But that gives us mountains along all tectonic edges. We want some places to meet as mountains, but others to glide past each other, and others yet to pull apart and create deep rifts! How that??

Firstly, every craton gets a vector that defines its movement over the last millions of years. Once it has that, we can take the dot product of that vector against the vector we get from the closest craton to the point exactly between it and the second closest. In more layman's terms, we check how closely the plate's (craton's) movement matches the direction from it to the point right between the two plates. The greater the result, the more the points on the surface rise (i.e. you multiply the dot product with the amount of rise). And since a craton moving away from the other craton means a negative result, points that used to rise will drop, creating rifts, like valleys.

It took a little while to put all these things together, put for basic tectonics, they seem to work quite nicely. I am now trying to figure out how to make mountains and valleys more interesting, without compromising the simple but scientifically based generation. In real geology, converging plates (plates that move into each other, creating mountains) crack and splinter at the edge, making pieces of them shoot up at different rates, creating not a single straight line of mountain, but jagged ridges and splintered paths of mountain ranges. Rifts, on the other hand, have chunks break off at the edges, forming a kind of 'crumbling stairway' effect, rather than just a clean slope. And where plates slide along each other, they snake up and down against one another, creating weird patterns of rock shooting up and then dropping down, like two rags tangled up in one another. I am hoping all of this can be boiled down to a single, coherent algorithm, much like the stuff above. But science is a cruel mistress, and she will no doubt have her wicked way with me.....

Other than posting long sections of code, I am very open for questions on this, including thoughts on geological effects I have not yet implemented. The practice of converting science to computer algorithms is hard, but amazing to be part of, and I love discussing it and learning the perspectives of other people! I hope before long to have a more solid methodology for converting science into games, but for now, I must take it bit by bit, making each work the best I can. Once it truly clicks, I will let you know..!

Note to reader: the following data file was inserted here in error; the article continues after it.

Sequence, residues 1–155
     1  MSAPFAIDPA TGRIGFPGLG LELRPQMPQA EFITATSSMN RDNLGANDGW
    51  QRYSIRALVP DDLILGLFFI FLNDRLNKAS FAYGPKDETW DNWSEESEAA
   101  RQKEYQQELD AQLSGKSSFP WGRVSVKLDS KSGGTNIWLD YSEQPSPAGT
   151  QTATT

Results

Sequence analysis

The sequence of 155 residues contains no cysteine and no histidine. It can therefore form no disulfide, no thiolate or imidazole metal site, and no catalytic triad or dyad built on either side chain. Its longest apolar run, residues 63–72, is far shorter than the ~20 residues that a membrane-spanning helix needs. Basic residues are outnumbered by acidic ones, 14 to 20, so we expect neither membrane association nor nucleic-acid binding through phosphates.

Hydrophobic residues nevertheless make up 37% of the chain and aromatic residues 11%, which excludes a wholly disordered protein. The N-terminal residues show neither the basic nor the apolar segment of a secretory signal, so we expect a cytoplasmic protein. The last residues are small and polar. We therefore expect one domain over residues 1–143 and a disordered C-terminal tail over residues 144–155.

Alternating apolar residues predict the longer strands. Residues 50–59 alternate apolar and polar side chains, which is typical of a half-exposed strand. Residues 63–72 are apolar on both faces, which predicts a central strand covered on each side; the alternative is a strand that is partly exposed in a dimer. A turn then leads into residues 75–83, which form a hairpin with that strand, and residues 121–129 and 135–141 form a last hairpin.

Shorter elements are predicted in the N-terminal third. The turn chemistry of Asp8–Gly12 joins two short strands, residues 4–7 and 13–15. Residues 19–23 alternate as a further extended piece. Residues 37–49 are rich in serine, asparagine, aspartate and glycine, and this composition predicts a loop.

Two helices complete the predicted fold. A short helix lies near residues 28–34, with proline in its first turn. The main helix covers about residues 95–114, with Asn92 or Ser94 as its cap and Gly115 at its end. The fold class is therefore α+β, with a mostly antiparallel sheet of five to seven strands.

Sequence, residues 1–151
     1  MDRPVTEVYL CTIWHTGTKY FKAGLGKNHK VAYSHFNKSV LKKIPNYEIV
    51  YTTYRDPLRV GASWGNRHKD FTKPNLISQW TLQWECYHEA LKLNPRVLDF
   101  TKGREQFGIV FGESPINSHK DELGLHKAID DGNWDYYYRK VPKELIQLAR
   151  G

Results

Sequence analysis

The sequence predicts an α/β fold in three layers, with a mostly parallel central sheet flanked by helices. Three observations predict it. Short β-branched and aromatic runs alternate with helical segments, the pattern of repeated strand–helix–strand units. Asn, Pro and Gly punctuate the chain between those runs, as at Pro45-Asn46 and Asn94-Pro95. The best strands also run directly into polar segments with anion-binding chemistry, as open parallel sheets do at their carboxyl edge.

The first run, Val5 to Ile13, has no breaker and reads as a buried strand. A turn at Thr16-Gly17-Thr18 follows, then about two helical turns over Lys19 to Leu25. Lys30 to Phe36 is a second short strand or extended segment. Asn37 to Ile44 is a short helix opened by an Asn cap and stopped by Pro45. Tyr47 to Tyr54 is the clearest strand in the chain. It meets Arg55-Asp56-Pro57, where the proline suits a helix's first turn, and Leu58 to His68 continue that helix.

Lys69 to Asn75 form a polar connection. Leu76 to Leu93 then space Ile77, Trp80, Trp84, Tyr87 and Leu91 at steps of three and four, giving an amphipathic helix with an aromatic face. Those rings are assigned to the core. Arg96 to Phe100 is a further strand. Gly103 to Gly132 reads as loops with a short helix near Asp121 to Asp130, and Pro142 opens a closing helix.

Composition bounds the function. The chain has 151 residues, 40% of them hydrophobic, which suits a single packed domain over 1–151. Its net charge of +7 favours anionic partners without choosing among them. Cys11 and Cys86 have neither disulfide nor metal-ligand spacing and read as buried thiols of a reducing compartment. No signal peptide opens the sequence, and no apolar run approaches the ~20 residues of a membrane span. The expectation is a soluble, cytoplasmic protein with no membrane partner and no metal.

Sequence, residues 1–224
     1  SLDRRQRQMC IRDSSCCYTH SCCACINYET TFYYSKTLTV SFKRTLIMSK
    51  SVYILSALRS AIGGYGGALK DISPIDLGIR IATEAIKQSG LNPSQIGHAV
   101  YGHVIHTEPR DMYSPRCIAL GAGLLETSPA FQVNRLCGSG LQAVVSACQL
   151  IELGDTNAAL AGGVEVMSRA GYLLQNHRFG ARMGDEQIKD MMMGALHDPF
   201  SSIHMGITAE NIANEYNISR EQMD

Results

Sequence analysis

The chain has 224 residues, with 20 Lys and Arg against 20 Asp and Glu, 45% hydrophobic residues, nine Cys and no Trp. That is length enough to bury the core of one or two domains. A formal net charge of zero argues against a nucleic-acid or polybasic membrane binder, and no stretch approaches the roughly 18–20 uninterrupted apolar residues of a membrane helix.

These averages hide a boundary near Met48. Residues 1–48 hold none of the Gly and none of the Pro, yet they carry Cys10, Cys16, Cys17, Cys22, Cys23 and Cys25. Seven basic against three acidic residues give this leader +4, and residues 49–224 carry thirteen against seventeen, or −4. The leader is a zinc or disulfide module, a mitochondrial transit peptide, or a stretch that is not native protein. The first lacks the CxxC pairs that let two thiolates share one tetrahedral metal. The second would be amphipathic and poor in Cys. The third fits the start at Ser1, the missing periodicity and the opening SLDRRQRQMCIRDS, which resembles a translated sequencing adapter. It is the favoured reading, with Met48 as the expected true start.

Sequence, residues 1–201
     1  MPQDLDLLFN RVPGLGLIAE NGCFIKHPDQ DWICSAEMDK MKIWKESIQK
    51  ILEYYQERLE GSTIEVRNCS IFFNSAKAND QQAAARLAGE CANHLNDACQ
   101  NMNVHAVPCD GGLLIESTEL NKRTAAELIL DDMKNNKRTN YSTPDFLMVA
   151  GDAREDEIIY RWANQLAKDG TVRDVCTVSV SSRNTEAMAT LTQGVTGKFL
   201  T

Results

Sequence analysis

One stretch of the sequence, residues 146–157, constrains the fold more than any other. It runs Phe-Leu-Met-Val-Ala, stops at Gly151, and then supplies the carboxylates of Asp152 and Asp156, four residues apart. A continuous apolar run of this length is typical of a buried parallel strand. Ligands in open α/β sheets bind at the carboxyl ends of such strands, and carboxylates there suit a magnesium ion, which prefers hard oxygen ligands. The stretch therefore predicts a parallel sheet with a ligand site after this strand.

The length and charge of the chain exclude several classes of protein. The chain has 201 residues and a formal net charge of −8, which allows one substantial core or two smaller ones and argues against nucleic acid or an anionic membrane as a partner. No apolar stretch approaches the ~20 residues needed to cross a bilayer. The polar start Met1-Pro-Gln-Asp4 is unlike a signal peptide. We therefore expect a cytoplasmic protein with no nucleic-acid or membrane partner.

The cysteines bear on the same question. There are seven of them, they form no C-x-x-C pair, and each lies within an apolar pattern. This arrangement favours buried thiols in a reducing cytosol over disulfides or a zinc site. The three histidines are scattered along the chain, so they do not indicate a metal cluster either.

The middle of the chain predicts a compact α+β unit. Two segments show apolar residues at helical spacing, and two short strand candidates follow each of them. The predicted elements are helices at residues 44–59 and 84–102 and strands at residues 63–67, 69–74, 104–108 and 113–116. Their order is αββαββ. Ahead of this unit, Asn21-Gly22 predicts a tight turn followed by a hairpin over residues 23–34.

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OOhh, I like it.  Looking good man.  I can see what I assume to be tessellation in action.  

O.k, here's something I'd love to see in a space game, if you're doing continents, what do you think about doing volcanic activity?   That would be bad ass.

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Looks really interesting. A few years back I read something similar which was only 2d https://www.gamedev.net/topic/623145-terrain-generation-with-plate-tectonics/ . I am assuming the points distributed on the surface are stationary and only change their height value? If so do you have to update their nearest craton each iteration? Structural differences inside of plates would also be interesting. So that you could simulate something like the Himalaya where a large chunk breaks of and is moved up.

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OOhh, I like it.  Looking good man.  I can see what I assume to be tessellation in action.  

O.k, here's something I'd love to see in a space game, if you're doing continents, what do you think about doing volcanic activity?   That would be bad ass.

I WANT VOLCANOES!!!!! I want them so baaaaad.... But I want them to be rooted in real volcanology, which is why I've actually been studied that, along with the tons of other sciences I have or will implement in the game. Right now, I am learning about volcanic island creation, bringing a lot of my own physics knowledge to bear on the amazing ways volcanoes work. Just knowing how Hawaii was formed blew my mind. Then again, the things I learn these days for the game has serial-blown my mind all over the place! I should be starting on hotspot volcanoes today, but I don't know how long before I find a way to implement subduction-made volcanoes, as in the Pacific Ring of Fire.